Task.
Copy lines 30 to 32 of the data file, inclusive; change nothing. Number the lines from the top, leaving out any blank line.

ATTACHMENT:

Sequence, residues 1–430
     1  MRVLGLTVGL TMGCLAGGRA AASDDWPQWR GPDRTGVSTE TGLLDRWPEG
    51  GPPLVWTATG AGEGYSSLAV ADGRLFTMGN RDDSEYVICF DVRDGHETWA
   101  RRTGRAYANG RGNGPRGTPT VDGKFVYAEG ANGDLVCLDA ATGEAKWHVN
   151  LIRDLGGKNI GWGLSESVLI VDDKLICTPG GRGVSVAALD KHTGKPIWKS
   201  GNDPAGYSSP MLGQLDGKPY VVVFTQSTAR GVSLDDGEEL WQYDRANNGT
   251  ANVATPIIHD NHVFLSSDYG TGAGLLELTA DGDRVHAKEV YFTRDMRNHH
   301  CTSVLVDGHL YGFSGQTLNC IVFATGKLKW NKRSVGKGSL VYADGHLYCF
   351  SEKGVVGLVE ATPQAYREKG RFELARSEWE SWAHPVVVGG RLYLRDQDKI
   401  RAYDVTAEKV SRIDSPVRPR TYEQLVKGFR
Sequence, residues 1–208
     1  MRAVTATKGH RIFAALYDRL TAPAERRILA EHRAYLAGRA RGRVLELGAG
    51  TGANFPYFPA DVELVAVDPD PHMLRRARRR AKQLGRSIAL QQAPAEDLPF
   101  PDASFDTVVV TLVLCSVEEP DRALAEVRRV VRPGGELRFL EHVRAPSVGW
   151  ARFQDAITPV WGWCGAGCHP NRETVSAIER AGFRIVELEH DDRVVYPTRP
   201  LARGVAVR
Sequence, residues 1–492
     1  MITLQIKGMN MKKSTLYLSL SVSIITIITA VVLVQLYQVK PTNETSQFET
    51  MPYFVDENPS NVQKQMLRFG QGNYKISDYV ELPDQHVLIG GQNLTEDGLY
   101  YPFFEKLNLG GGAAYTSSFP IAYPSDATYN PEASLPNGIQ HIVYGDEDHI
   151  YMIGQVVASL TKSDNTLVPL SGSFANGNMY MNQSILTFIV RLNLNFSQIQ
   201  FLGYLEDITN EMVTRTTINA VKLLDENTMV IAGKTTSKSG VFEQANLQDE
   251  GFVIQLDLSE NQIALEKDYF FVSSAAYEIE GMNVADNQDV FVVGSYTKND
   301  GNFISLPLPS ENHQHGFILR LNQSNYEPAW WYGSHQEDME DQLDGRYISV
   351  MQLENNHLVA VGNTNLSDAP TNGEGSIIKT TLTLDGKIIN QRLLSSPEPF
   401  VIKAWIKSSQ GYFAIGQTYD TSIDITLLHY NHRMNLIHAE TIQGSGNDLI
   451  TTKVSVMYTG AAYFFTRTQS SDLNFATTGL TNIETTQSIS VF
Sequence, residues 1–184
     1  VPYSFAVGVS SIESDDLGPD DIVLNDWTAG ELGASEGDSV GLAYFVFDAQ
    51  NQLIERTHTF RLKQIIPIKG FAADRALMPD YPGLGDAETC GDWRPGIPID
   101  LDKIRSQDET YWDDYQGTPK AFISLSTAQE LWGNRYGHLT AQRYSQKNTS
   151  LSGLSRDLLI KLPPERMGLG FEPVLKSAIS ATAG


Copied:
    51  NQLIERTHTF RLKQIIPIKG FAADRALMPD YPGLGDAETC GDWRPGIPID
   101  LDKIRSQDET YWDDYQGTPK AFISLSTAQE LWGNRYGHLT AQRYSQKNTS
   151  LSGLSRDLLI KLPPERMGLG FEPVLKSAIS ATAG